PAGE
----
Is this the start of a new banking crisis?

Could we be witnessing the start of a modern day (1930 style) bank run? Or the start of another round of Banking bailouts and quantitative easing (money printing for the elite)?

Friday afternoon (March 10th 2023), we started to hear rumours that serval large crypto banks would likely become insolvent and be forced to close to prevent systemic risk. By Monday morning, it became clear, the banking industry is entering a period of uncertain times. Three pro-crypto banks were forced to close up shop (Silvergate, Silicon Valley Bank, and Signature). This has led many in crypto to speculate about the suspicious nature of these unfolding events. Could we be witnessing the start of a modern day (1930 style) bank run? Or the start of another round of Banking bailouts and quantitative easing (money printing for the elite)?

Initially, the events seemed focused on shaming crypto as a bad investment and demonstrating that the US administration would not protect consumers that participate in these volatile gambles. It appeared to be a coordinated attack to discredit the industry and put the blame squarely on crypto’s shoulders.

Then the announcements started to flood in from US officials, “the banking system is fine and citizens are in good hands”, declared president Biden. At this point, alarm bells start to ring with the reminiscent sounds of 2008. Things might not be as good as they seem.

Report -

If you needed a bigger warning sign, they don’t come any bigger than the “Bank for international settlements” CEO, announcing the battle between fiat and crypto has been won by fiat -

Today’s tweeter thread by JYP looks at one possible angle for what’s been unfolding over the weekend.

@behindtext twitter thread:

Let's review how bank runs work and look at the bigger picture.

Commercial banks in a fractional reserve system make money by creating credit, charging interest on the credit, and making a spread between their credit cost and interest collected. Depositors at a bank enable the credit creation process.

To maximize their income, banks are incentivized to issue as much credit as they can, with the constraint that they must satisfy depositor withdrawal requests. In the steady state, depositors do not request large amounts of withdrawals, so this can be smoothly managed. Most banks have a portfolio of investments that are low risk because it allows them to (usually) safely collect the spread on interest rates, e.g. home loans and govt bonds.

These kinds of investments are indeed low risk under most circumstances. The financial response to COVID-19 created serious problems for banks because it led to a massive issuance of credit over a short time. Beyond the runaway inflation this caused, this took every bank's portfolio of loans and bonds and wrecked it.

Pretty much every low-risk bank portfolio was hosed because the rate of return became (asset return rate – inflation rate). Accurate inflation figures are roughly 2 x cpi. Despite the focus on these first few banks, almost every other bank is potentially at risk. Most banks have low single digit percentages of total funds on deposit available to withdraw.

Most banks have a giant portfolio of unrealized losses, burning a hole in their balance sheet from effective losses to inflation. Given the consistency of these unrealized losses across US banks, why is it odd that the 3 lead pro-cc banks would fail first?

Pro-cryptocurrency banks closing first means several of the exits have been welded shut, the offramps from fiat to cryptocurrencies are closing. In my opinion, pro-cryptocurrency banks closing this way indicates this is a(nother) controlled demolition.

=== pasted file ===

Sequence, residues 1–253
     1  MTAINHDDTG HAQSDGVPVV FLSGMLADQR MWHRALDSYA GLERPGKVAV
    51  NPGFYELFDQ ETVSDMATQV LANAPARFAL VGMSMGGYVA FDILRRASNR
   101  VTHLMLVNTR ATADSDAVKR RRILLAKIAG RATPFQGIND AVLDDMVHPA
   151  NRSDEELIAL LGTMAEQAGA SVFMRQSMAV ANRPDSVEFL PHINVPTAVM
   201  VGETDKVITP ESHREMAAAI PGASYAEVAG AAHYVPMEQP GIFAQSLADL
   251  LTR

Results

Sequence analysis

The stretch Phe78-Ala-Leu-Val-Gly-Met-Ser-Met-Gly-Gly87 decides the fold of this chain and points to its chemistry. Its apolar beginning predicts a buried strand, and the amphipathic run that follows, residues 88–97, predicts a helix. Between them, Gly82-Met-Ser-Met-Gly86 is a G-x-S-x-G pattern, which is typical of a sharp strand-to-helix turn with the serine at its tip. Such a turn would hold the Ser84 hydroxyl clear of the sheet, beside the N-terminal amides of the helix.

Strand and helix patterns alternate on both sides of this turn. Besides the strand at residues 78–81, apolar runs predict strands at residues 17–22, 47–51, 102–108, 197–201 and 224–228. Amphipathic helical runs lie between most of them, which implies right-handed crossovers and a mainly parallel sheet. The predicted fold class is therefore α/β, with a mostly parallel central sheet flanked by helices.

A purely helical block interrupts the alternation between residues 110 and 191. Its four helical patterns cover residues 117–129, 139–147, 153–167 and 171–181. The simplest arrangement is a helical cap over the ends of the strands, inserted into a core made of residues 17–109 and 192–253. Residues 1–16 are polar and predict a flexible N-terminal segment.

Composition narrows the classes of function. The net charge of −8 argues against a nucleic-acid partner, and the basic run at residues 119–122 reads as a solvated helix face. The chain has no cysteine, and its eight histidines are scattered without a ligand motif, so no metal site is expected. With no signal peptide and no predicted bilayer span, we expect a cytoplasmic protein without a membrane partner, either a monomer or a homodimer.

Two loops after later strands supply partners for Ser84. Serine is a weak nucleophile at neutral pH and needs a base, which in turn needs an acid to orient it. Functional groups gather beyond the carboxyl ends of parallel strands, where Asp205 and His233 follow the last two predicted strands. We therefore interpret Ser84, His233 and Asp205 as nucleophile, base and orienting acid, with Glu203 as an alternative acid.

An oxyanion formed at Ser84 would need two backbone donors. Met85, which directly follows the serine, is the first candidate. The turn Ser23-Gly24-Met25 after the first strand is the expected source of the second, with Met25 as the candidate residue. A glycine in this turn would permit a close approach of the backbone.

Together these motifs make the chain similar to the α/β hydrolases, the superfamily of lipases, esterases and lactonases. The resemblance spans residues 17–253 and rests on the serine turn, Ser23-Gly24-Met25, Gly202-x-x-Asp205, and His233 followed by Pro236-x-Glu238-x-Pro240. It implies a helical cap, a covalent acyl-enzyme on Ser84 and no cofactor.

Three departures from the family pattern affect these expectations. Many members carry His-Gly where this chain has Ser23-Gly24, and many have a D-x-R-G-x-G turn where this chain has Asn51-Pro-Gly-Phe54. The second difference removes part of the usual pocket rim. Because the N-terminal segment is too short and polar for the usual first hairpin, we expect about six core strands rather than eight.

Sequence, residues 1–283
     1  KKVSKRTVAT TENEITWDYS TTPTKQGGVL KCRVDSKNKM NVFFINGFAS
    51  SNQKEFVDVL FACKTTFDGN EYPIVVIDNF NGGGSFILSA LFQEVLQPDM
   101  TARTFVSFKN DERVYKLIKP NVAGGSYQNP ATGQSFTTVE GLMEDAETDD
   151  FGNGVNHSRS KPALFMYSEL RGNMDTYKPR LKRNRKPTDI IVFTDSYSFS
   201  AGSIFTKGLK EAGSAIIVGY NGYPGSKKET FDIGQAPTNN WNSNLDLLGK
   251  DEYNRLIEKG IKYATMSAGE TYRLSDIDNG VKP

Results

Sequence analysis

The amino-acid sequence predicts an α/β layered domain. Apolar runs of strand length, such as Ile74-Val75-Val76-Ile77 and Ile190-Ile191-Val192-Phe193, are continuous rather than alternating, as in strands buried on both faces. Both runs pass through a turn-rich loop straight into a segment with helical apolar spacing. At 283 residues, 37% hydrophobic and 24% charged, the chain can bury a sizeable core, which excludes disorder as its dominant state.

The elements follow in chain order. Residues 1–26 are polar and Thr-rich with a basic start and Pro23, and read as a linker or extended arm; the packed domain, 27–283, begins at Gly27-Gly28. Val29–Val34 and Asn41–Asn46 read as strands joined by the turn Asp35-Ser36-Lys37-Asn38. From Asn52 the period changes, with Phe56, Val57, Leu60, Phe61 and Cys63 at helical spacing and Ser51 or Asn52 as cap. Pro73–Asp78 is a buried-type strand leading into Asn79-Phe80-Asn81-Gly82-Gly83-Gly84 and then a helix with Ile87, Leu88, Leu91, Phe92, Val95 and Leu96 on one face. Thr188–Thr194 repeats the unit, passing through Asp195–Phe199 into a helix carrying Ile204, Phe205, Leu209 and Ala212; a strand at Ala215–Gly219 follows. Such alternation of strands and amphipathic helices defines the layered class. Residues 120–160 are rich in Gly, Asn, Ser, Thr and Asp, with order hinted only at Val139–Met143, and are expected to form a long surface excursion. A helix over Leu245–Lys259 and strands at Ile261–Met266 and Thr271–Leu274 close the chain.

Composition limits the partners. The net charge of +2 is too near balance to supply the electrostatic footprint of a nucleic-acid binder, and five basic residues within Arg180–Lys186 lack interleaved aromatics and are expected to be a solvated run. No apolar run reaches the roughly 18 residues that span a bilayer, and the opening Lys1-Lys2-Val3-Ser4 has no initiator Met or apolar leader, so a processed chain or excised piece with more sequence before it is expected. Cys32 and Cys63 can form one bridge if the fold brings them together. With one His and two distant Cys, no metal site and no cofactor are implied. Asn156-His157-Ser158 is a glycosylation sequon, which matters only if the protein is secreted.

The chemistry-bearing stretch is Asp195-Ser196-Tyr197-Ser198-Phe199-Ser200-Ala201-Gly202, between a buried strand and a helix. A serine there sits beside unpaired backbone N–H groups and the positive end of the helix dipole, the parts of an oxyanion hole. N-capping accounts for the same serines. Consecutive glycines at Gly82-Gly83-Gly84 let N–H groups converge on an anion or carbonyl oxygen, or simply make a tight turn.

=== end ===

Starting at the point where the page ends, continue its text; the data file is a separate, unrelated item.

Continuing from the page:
In a best case, this is a frame job to paint cryptocurrencies in a bad light, and in a worst case, this is a massive power grab by pro-cbdc and anti-cc elements. Notice that the current solution to bail out depositors at pro-cc banks is to bail-in across all other banks. This seems like a workable solution when only a few banks are involved, but at scale, this is simply an obfuscated bail-in.

When the bail-ins really start, everyone is going to be looking for an exit from fiat. Unfortunately, most of the exits have already been welded shut. Gee, what a coincidence! Someone welded the exits shut before the building collapsed!

One thing that can't be welded shut are decentralized exchanges. Non-custodial exchange of cryptocurrencies can continue without event, irrespective of fiat banking shenanigans. With relatively little effort, most Cryptocurrencies can be added to DCRDEX.

What comes next?

My suspicion is insolvency and liquidity issues are widespread, and what we’ve seen over the weekend is a glimpse into a predetermined narrative. It’s also possible, this issue will be glossed over rapidly, to try to preserve a resemblance of normalcy. At this point, I would image, we are in a position that a single institutional failure would trigger a global reaction, taking decades to recover from. Some would say the action taken now is, “kicking the can down the road for the next generation”, I have a tendency to agree.

Evidence of a strategic recovery plan has started to appeared, but the US administration is avoiding words like “bail out” and “quantitative easing”, presumably, to prevent the inevitable taxpayer fallout.

“Today, Federal Reserve also announced new emergency bank term funding program. The Federal Reserve board on Sunday announced it will make available additional funding to eligible depository institutions to help assure banks have the ability to meet the needs of all their depositors.”

Over the coming months, I’m sure we'll get a clearer picture of what’s happened here, but in the meantime you can be satisfied “the banking system is safe”.

In the words of JYP:

The revolution will not be custodial
The revolution will not be permissioned
The revolution will not be centrally planned
This is why I Decred!